Bach through the prism of Lang Lang leaves much to be desired in Leipzig

GermanyGermany Bach, Goldberg Variations, BWV 988 – Lang Lang (piano): March 2020 performance at St Thomas Church, Leipzig. Livestream from DG Stage on 19.11.2020. (CC)

Lang Lang

This was a stream of the performance in Leipzig’s St Thomas Church (where Bach is buried) that is available in sound alone on Lang Lang’s four-disc, two performance set of the Goldberg Variations. Ralph Moore reviewed that set for MusicWeb International here; my own review has appeared in print elsewhere and broadly agrees with Ralph’s comments. Bach through the prism of Lang Lang is a horribly distended thing.

But first the positives. Lang Lang plays on a superb Steinway, excellently recorded. The camerawork, courtesy of Thomas Frischhut and Konrad Lobst and under the direction of Andreas Morell is superb, ever appropriate and a fine mix of atmospheric long shot and close-up. The shots of the Thomaskirche are beautiful; far more so than Lang Lang’s swaying and posturing, all of which would be fine if musically this stood up to scrutiny.

The more one hears Lang Lang’s Bach, the more the mannerisms grate, right from the needless left-hand emphasis on the repeat of the first part of the theme. Variatio 1 begins as Lang Lang means to go on, with a bang and, while this variation has a sense of bounce, entries are over-emphasised. By the time we hit Variatio 3, (Canone all’Unisono) rubato has become an integral part of the equation, a sense of push and pull more associated with Chopin.

While Lang Lang impresses repeatedly when the music is fast and fleet (Variatio 5), least when there is any chance of point-making. The Tempo di Giga (Variatio 7) is a strange, narcissistic dance, full of point-making for the sake of it. It is worth describing some of the journey, as the interpretative grating is a cumulative thing: when one hears the emphasis on the fourth of the group of bass quavers in Variatio 8, its very falsity at once continues from previous aberrations and simultaneously prepares one for more of the same. The negatives become progressively more difficult to live with: the inward narcissism of Variatio 9, the stabby Variatios Nos. 10 and 12. Any indication that the music can slow down is an invitation to bring in Bernstein-like stasis (think Bernstein’s late Mahler 9 with the Concertgebouw on DG) without the charisma.  Variatio 13 suffers from this along with much inappropriate rubato, but the primary offender is Variatio 15, an Andante firmly rechristened as an ‘Adagio molto’. The greatest casualty of this approach is the so-called ‘Black Pearl’, (Variatio 25) interminable and even at times clumsy. The Quodlibet (Variatio 30) is put so much through Lang Lang’s wringer there is virtually no Bach left when it comes out the other side.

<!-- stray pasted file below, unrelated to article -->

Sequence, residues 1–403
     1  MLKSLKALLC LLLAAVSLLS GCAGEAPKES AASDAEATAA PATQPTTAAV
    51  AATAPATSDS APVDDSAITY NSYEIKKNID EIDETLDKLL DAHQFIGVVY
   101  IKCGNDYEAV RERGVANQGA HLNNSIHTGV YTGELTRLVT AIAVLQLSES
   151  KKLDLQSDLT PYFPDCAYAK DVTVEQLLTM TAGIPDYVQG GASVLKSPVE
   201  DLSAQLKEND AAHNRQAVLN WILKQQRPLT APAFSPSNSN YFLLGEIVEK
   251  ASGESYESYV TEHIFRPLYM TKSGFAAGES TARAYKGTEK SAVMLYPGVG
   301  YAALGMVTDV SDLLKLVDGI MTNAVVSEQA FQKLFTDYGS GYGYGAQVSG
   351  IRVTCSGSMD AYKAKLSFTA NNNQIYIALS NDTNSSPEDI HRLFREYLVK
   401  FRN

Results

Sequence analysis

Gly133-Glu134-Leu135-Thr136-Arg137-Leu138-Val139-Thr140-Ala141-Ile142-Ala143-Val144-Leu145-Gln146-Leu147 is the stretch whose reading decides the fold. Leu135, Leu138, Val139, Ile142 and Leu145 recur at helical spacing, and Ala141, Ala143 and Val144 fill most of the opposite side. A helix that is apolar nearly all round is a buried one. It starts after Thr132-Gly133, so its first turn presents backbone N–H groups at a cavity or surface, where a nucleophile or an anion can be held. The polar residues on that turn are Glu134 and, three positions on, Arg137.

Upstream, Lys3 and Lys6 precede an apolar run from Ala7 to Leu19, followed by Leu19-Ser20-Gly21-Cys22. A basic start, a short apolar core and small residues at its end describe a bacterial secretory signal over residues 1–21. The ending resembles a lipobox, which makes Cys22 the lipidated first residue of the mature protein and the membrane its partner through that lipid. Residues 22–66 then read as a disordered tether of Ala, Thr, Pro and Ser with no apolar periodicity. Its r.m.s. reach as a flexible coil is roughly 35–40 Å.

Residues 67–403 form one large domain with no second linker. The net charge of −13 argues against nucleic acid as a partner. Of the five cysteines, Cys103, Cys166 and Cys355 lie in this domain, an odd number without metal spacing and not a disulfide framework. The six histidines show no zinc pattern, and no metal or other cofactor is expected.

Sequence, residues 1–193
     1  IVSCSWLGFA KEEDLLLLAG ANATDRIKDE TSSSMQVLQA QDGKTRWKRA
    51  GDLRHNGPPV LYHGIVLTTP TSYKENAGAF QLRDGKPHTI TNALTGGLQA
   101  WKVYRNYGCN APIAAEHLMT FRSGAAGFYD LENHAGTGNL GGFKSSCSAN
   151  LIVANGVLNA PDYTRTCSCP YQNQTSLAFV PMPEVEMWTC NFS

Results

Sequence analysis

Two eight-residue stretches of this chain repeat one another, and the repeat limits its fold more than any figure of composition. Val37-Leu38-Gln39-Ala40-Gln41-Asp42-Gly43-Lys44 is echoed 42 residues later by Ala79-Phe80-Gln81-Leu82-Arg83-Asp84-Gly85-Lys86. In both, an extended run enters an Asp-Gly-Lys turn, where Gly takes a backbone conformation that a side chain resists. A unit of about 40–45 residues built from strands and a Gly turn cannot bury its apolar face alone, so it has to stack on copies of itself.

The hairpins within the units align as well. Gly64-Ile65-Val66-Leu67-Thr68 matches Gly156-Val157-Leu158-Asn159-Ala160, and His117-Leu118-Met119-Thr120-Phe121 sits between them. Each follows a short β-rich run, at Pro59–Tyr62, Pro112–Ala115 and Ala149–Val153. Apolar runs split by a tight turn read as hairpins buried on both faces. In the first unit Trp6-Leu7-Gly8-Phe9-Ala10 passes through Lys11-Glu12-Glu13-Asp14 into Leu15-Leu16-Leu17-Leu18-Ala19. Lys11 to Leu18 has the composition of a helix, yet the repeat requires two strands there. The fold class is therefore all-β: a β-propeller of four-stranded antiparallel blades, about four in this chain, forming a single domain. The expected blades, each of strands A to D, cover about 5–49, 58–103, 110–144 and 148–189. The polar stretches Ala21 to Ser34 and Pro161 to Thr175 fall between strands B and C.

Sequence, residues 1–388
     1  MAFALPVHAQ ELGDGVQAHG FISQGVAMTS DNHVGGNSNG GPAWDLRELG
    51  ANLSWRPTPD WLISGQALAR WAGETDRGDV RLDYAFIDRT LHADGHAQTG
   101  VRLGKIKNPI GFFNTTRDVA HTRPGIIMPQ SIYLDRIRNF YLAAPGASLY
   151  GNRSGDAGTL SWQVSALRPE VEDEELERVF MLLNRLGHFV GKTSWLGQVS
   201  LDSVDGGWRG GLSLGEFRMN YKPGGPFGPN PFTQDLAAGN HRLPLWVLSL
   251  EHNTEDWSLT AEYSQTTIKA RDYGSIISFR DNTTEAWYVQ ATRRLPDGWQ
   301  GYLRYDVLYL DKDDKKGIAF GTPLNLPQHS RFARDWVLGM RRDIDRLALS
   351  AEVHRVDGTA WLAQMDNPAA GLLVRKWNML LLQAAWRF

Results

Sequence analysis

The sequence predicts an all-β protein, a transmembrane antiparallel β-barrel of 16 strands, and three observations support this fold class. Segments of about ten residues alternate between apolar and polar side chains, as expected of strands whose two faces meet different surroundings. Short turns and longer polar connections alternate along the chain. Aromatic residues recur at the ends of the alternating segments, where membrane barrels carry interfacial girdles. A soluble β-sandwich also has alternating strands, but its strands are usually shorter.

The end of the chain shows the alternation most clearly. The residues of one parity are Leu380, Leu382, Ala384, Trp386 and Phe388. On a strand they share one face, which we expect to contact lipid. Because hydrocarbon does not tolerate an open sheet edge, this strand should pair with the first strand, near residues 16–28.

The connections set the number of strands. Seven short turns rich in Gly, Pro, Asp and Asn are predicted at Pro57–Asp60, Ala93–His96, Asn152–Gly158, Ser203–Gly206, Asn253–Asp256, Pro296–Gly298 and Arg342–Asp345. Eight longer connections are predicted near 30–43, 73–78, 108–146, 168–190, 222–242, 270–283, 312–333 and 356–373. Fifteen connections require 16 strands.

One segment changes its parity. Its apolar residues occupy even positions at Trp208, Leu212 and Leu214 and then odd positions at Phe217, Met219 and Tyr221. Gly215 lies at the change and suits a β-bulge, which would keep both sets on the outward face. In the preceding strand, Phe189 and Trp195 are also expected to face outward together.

When we do finally get the Aria da Capo, it is more with a sense of exhaustion than relief. Transcendence or glow tends towards zero. The audience adored the performance, though, and there is a full standing ovation. But ultimately, I leave it up to you, the listener to decide: the stream is available for 48 hours on DG Stage (click here).

Colin Clarke

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